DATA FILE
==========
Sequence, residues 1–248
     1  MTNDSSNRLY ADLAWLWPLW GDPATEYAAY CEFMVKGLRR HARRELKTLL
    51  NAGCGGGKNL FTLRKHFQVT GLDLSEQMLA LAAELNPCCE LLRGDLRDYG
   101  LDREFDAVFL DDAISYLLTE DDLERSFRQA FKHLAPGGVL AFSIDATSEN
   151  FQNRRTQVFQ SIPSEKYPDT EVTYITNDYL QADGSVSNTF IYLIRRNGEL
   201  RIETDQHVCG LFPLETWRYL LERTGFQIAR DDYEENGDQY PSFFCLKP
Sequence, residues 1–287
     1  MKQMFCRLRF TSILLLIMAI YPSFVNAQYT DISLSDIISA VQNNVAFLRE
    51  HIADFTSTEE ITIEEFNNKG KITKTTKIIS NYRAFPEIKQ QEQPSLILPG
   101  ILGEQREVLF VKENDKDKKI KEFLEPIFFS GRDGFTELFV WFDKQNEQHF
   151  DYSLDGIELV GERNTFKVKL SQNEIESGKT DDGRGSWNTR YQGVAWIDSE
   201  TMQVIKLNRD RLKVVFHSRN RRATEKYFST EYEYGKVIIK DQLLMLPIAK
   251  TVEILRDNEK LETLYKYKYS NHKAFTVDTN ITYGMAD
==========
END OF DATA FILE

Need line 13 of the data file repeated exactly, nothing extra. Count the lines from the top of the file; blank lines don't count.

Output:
   251  TVEILRDNEK LETLYKYKYS NHKAFTVDTN ITYGMAD